Understanding Herbicides – A Short Course for People Using Herbicides
November 28 - November 30
A Short Course for People Using Herbicides
Time of Course and Venue:
The course is held at Massey University in Palmerston North, and it runs for 3 days (including
a test on the final afternoon), with study material sent out to participants several weeks in
advance to allow for preparation for the course. It will be run on two occasions in 2017:
Tuesday 25 July to Thursday 27 July 2017 or
Tuesday 28 November to Thursday 30 November 2017.
Paper Coordinator: Dr Kerry C Harrington
Institute of Agriculture and Environment
Private Bag 11-222
Palmerston North 4442
Phone: (06) 350-4926
Aim: This course is designed primarily as a stand-alone course to give participants a good
grounding in the principles of using herbicides to control weeds. It has been designed to
prepare participants for working in the herbicide industry within New Zealand.
Learning Outcome: On successful completion a participant should be able to understand herbicides well
enough to be able to select the most appropriate compound for any weed situation and
obtain maximum effectiveness from that herbicide without causing damage to crop
Credits: All successful participants will receive an official certificate of completion and the
material will count as 5-credits at 300-level towards a university qualification.
Topic 1 – Introduction:
Explanation of various things about the course; introduce participants to various terminology
about herbicides in case they know nothing; herbicide mode of action.
Topic 2 – Herbicide toxicity and legislation:
Safety testing of herbicides; relative toxicity of herbicides; New Zealand legislation;
withholding periods; the GROWSAFE scheme; the 2,4,5-T controversy; herbicide residues in
Topic 3 – Herbicide formulation:
Solutions; emulsions; wettable powders; granules; dusts; surfactants; chemical drift through
the air; common and trade names; calculations.
Topic 4 – Behaviour of herbicides in plants:
Interception and uptake of foliage-applied herbicides; availability and uptake of soil-applied
herbicides; transport of herbicides in the plant; factors affecting these processes; herbicide
Topic 5 – Behaviour of herbicides in the soil:
Adsorption; volatilization; leaching; photochemical degradation; chemical decomposition;
microbial decomposition; rates of degradation of herbicides; bioassays; activity of soil-applied
herbicides; selectivity of soil-applied herbicides; effects of weather on herbicides.
Topic 6 – Herbicide application:
Conventional spraying equipment; calibration of a sprayer; back-pack sprayers; problems with
conventional sprayers; improvements in spraying equipment; wiper applicators.
Topic 7 – Knockdown herbicides:
Characteristics of importance in decision making; broad-spectrum herbicides; translocated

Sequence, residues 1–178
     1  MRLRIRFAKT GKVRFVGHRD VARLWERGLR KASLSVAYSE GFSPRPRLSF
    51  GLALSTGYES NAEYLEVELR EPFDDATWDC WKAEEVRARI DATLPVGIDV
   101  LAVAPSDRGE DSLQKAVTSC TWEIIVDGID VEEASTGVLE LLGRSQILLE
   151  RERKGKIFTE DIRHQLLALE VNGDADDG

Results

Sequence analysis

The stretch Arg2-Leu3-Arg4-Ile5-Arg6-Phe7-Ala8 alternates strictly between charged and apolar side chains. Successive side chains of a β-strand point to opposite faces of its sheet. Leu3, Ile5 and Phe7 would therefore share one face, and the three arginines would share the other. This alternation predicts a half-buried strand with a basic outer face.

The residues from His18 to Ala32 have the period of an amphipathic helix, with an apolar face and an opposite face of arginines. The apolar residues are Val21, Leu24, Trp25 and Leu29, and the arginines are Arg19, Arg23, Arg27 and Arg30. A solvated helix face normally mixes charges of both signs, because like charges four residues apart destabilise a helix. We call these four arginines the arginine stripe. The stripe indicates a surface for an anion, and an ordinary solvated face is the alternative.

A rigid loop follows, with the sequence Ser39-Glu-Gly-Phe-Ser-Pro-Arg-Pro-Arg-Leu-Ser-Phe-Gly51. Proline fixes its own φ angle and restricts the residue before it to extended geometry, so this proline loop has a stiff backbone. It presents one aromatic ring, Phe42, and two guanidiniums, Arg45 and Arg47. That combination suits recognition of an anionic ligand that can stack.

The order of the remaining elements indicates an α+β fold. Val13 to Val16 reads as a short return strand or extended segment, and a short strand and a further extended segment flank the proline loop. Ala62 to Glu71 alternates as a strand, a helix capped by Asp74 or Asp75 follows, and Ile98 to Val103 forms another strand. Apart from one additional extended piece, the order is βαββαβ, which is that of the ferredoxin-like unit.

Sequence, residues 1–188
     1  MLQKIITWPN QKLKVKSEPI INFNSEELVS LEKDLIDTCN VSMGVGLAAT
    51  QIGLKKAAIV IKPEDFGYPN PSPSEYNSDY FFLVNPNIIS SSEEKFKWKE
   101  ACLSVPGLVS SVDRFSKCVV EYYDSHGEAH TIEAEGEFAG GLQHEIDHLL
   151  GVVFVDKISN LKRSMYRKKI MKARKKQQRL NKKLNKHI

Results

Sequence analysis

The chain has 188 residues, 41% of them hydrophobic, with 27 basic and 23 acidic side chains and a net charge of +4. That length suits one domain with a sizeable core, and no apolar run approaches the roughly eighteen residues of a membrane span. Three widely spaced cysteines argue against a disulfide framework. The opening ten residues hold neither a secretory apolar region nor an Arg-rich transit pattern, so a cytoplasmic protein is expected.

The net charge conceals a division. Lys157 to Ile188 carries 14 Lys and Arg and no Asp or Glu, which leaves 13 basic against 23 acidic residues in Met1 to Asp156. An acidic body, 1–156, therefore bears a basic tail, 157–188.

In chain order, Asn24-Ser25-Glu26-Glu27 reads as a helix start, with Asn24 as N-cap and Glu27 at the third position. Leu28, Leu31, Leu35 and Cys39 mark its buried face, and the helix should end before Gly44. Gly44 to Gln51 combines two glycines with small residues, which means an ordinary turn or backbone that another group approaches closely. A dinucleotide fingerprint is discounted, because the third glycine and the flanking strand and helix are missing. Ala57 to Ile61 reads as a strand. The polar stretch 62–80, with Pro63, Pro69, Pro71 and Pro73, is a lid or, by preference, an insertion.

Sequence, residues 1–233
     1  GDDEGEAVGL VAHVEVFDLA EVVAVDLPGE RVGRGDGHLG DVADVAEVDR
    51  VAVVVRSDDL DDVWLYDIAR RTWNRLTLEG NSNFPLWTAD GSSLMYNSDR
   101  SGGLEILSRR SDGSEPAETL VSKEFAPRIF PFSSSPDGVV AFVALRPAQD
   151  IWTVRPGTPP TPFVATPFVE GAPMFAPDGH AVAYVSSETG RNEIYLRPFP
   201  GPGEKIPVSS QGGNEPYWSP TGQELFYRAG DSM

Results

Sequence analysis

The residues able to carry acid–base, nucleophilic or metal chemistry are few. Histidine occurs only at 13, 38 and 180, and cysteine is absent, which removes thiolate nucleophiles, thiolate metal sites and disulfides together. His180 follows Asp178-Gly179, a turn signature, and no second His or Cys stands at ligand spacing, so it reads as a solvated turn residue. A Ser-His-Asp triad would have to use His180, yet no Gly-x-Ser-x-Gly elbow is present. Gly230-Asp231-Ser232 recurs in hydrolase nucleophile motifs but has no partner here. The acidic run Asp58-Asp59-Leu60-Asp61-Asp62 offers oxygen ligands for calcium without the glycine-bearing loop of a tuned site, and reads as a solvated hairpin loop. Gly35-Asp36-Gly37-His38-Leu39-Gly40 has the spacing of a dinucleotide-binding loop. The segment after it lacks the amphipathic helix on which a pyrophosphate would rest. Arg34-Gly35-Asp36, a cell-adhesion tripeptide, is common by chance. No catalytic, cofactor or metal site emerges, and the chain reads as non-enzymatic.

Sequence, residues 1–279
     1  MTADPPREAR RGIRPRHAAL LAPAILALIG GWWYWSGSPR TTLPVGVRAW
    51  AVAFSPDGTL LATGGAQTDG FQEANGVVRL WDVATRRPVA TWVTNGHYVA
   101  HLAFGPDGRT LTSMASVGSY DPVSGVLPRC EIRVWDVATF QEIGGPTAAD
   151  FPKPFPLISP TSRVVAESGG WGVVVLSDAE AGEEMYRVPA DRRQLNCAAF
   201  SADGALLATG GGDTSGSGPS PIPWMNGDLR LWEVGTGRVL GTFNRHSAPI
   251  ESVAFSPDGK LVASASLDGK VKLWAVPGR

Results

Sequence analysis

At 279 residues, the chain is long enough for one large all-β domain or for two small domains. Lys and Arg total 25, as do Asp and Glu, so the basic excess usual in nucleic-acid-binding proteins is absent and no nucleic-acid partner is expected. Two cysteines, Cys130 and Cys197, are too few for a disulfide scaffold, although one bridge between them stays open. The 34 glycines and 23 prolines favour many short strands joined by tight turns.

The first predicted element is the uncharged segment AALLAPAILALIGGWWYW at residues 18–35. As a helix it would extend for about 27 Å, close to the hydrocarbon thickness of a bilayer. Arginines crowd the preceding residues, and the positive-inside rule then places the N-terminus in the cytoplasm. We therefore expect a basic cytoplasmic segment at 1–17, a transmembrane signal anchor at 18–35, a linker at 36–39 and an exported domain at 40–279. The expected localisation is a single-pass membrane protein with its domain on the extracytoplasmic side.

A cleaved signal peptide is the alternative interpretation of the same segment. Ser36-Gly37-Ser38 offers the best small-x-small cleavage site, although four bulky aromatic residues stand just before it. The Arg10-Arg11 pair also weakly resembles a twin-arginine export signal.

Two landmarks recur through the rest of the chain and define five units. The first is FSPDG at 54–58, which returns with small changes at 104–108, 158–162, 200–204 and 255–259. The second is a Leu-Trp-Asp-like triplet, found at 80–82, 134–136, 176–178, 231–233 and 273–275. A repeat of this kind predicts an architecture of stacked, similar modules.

knockdown of dicots in grass crops; contact knockdown of dicots in grass crops; selective
knockdown of grasses in dicot crops; sulfonylureas; other knockdown herbicides.
Topic 8 – Residual herbicides:
Residual herbicides used primarily for non-selective control; herbicides used primarily for
depth protection; selective residual herbicides which primarily control dicots; selective
residual herbicides which primarily control grasses.
Topic 9 – Economics of weed control:
When weeds reduce yields through competition; when weeds exert indirect effects in pasture;
when weeds cause other effects difficult to measure; how most weed control decisions are
Topic 10 – Weed control in pastures and lucerne:
Problems caused by weeds; keeping pastures competitive; discouraging weeds that establish;
weed control in new pastures; weed control in established pastures; control of specific
problem weeds; clearing scrub weeds; weed control in lucerne using management; weed
control in lucerne using herbicides.
Topic 11 – Weed control in annual crops:
Obtaining weed control information; cereals; maize and sweet-corn; forage brassicas; fodder
Topic 12 – Herbicide resistance:
Sexual vs vegetative reproduction; advantage of genetic variability; development of ecotypes;
development of herbicide resistance; rate of herbicide resistance development; using herbicide
resistance; examples of herbicide resistance problems in New Zealand.
Cost: $1400 + GST (includes study guide, 3 days of lectures, morning and afternoon tea
and lunches, venue hire at Massey University)
Participants should arrange their own accommodation in Palmerston North. The course
begins 8.30 am Tuesday, but is finished by 3.00 pm Thursday which should allow participants
to travel home that day.
Registration: To register, please contact K.Harrington@massey.ac.nz before
25 th May for the July course and 28 th September for the November
course. Each course may not proceed if insufficient registrations are
received by that date.